Approx. 54 x 70cm
"When I look at the land we call New Zealand all I see is the history and stories I was told as a child. That is my Māori Land."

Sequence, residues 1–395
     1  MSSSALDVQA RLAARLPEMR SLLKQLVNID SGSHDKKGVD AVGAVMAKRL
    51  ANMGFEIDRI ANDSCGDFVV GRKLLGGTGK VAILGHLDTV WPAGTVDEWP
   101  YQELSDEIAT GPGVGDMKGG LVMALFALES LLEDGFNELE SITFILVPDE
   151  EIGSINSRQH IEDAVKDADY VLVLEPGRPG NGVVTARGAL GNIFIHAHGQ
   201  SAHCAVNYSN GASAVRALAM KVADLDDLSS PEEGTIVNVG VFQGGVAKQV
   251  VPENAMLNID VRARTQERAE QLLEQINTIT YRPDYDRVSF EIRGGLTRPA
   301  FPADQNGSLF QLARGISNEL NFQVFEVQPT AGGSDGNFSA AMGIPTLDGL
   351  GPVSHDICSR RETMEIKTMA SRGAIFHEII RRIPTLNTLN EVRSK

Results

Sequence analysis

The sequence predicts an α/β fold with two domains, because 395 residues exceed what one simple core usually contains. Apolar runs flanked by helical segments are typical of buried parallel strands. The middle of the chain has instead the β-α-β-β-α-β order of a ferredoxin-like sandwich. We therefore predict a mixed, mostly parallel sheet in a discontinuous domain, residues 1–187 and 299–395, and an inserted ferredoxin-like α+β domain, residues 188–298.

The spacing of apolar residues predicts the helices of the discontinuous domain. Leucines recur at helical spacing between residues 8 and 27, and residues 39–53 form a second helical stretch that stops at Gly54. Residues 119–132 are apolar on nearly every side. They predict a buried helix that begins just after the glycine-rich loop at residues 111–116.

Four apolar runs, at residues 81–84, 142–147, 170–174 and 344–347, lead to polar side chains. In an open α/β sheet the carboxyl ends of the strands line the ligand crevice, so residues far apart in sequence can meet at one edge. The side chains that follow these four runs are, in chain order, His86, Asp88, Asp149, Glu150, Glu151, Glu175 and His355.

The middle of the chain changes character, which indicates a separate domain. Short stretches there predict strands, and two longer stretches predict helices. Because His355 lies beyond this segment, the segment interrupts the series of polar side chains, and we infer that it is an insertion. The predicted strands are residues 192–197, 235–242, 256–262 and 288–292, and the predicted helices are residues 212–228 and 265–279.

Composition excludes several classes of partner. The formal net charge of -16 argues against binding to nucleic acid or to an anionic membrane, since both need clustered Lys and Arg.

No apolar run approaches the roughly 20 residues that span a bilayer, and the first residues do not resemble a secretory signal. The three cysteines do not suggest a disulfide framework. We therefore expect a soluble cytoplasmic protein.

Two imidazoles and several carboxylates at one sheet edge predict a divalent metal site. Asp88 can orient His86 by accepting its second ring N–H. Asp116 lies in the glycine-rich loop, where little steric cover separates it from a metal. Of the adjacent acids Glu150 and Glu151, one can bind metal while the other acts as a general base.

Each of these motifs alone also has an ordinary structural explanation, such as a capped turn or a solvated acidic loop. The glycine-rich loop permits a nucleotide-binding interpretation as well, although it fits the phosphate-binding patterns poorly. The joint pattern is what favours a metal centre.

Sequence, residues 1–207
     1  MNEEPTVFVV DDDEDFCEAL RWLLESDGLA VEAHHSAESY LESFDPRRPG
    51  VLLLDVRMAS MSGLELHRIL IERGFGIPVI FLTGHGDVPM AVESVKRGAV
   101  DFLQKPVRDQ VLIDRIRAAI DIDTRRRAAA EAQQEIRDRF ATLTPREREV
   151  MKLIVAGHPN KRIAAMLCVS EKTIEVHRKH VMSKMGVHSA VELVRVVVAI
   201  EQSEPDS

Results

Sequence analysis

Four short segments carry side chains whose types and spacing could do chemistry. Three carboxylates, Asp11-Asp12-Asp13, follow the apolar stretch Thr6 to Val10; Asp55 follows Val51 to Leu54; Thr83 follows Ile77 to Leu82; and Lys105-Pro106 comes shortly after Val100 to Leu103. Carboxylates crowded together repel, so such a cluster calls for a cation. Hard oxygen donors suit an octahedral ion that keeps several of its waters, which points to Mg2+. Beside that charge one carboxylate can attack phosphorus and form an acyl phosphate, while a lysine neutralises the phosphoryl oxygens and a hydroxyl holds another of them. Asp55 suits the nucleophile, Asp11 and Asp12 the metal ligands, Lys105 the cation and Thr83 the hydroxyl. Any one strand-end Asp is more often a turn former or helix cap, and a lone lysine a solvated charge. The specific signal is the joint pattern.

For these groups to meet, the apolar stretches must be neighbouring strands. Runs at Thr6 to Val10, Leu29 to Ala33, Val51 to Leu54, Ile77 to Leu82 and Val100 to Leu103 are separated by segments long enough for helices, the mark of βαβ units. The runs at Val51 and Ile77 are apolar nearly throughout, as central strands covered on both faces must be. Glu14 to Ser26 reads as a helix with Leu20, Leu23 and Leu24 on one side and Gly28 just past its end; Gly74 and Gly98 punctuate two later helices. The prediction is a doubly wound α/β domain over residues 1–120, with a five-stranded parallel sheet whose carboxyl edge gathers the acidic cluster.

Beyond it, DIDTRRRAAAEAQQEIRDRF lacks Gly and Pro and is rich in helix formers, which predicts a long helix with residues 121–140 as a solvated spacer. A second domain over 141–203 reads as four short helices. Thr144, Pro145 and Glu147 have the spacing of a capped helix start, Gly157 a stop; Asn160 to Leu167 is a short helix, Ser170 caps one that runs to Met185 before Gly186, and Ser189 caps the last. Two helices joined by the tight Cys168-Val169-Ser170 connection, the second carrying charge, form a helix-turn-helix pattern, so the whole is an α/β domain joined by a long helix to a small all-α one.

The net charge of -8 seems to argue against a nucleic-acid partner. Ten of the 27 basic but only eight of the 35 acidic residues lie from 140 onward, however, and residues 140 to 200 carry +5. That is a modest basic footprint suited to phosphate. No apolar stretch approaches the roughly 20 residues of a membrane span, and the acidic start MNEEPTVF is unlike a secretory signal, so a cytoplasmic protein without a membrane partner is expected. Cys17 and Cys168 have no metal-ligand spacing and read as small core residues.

Darcy Nicholas is a leading contemporary Māori painter, sculptor, writer, curator, events manager, and commentator on Māori issues. He has exhibited throughout New Zealand, Australia, Africa, United States, France, Britain, Canada, and been part of several major group exhibitions, which have toured internationally. In 1984 Darcy won a Fulbright Cultural Award to observe African American and Native American art movements. He has since been responsible for several major cultural exchanges between Native American and Māori Artists. In 2009 he was given a citation from the United States Ambassador in appreciation for his contribution towards relationships between the United States and New Zealand. In 2005 he won the Creative Wellington Award, and in 2010 was awarded a QSO for services to Museums. Darcy's work is vibrantly contemporary whilst retaining an underlying spiritual mana reflective of the artist's ancestry. There is a 'looking back', a respectful remembrance of times and personalities gone by. His paintings unite past and present, Pakeha and Māori - they are works of drama and harmony. Darcy is currently responsible for the Pataka Museum in Porirua City where he holds the position of General Manager of Community Services. His work is collected both locally and internationally. In November 2013 Darcy Nicholas was awarded the Te Arikiniui Te Atairangikah u at Te Papa. This is the premier award of Māori Arts. Darcy is currently working on a 1.7 meter bronze sculpture for Wellington's War Memorial Gardens.